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Thomas Gray to William Mason, [c. 8 July 1765]

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William Shakespeare
To Mrs Anne, Regular Servant
to the Revd Mr Precentor
of York.

A MOMENT'S patience, gentle Mistris Anne!
(But stint your clack for sweet St Charitie)
'Tis Willy begs, once a right proper Man,
Tho' now a Book, and interleav'd, you see.

Much have I born from canker'd Critick's spite,
From fumbling Baronets, and Poets small,
Pert Barristers, & Parsons nothing bright:
But, what awaits me now, is worst of all!

'Tis true, our Master's temper natural
Was fashion'd fair in meek & dovelike guise:
But may not honey's self be turn'd to gall
By residence, by marriage, & sore eyes?

If then he wreak on me his wicked will:
Steal to his closet at the hour of prayer,
And (when thou hear'st the organ piping shrill)
Grease his best pen, & all he scribbles, tear.

Better to bottom tarts & cheesecakes nice,
Better the roast-meat from the fire to save,
Better be twisted into caps for spice,
Than thus be patch'd, & cobbled in one's grave!

So York shall taste, what Clou√ęt never knew;
So from our works sublimer fumes shall rise:
While Nancy earns the praise to Shakespear due
For glorious puddings, & immortal pies.

Tell me, if you don't like this, & I will send you a worse. I rejoice to hear, your eyes are better as much, as if they were my own: but the cure will never be lasting without a little sea. I have been for two days at Hartlepool to tast the water, & do assure you, nothing can be salter, & bitterer, & nastier, & better for you. they have a most antiscorbutic flavour. I am delighted with the place: there are the finest walks & rocks & caverns, & dried fishes, & all manner of small inconveniences a Man can wish. I am going again this week to wait your commands.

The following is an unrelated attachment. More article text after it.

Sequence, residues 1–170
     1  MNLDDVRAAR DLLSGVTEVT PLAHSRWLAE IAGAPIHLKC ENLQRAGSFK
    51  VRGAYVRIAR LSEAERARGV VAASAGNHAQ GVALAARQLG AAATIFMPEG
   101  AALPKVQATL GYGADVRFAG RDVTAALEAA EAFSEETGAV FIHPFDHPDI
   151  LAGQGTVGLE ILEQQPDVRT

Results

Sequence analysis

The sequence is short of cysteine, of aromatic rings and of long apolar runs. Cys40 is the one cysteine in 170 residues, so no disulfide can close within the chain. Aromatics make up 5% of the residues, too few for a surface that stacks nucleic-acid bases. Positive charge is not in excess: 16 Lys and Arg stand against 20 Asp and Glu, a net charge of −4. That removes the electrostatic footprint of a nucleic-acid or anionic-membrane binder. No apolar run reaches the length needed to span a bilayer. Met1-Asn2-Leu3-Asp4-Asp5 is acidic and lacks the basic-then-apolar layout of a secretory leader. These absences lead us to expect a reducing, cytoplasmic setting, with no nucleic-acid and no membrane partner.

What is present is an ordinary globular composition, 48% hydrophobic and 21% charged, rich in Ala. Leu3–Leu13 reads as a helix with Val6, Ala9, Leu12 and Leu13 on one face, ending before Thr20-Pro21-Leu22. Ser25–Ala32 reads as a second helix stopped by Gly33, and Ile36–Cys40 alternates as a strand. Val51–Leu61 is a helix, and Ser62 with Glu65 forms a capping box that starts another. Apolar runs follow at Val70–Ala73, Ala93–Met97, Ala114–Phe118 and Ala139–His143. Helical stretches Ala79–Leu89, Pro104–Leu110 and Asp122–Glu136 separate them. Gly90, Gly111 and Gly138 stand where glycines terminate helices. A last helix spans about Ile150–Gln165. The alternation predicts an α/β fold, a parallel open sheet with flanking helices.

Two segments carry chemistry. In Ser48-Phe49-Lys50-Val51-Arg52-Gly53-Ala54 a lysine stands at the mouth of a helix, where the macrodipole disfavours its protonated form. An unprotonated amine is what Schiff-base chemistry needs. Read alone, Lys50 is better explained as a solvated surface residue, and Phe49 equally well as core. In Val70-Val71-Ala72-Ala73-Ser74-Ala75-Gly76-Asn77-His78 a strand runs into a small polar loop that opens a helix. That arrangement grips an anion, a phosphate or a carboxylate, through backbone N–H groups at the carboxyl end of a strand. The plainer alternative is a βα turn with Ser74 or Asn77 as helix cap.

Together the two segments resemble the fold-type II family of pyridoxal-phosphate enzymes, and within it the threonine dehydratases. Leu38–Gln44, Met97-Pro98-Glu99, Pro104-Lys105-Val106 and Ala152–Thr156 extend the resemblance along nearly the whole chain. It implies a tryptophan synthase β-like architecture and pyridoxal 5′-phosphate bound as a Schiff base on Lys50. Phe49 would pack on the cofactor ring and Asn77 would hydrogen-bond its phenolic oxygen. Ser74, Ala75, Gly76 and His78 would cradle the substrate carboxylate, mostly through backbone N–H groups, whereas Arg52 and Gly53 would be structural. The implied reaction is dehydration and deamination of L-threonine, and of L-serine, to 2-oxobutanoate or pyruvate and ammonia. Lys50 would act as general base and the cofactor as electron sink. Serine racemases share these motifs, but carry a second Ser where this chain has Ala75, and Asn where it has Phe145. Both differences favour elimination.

Dr Wharton would be quite happy to see you at Old-Park. if you should have kindness & resignation enough to come, you must get to Darlington, then turn off the great road to Merrington, then enquire the way to Spenny-more House, where they will direct you hither.

Adieu! I am ever
Yours
T G:
Letter ID: letters.0461 (Source: TEI/XML)

Correspondents

Writer: Gray, Thomas, 1716-1771
Writer's age: 48
Addressee: Mason, William, 1724-1797
Addressee's age: 41

Dates

Date of composition: [c. 8 July 1765]
Calendar: Gregorian

Places

Place of composition: [Durham, United Kingdom]

Content

Language: English
Incipit: Tell me, if you don't like this, & I will send you a worse....
Mentioned: Darlington
Edwards, Thomas
Hartlepool
Merrington
Old Park
Rhymer, Thomas
Rowe, Nicholas
Shakespeare, William
Spennymoor House
Upton, John
Wharton, Thomas, 1717-1794
William Shakespeare to Mrs Anne, Regular Servant to the Revd Mr Precentor of York

Holding Institution

Location:
(confirmed)
Henry W. And Albert A. Berg Collection of English and American Literature, Humanities and Social Sciences Library, New York Public Library , New York, NY, USA <https://www.nypl.org/about/divisions/berg-collection-english-and-american-literature>
Availability: The original letter is extant and usually available for academic research purposes

Print Versions

  • The Correspondence of Thomas Gray and William Mason, with Letters to the Rev. James Brown, D.D. Ed. by the Rev. John Mitford. London: Richard Bentley, 1853, letter XC, 339-341
  • The Letters of Thomas Gray, including the correspondence of Gray and Mason, 3 vols. Ed. by Duncan C. Tovey. London: George Bell and Sons, 1900-12, letter no. CCLXXIII, vol. iii, 76-78
  • Correspondence of Thomas Gray, 3 vols. Ed. by the late Paget Toynbee and Leonard Whibley, with corrections and additions by H. W. Starr. Oxford: Clarendon Press, 1971 [1st ed. 1935], letter no. 407, vol. ii, 879-881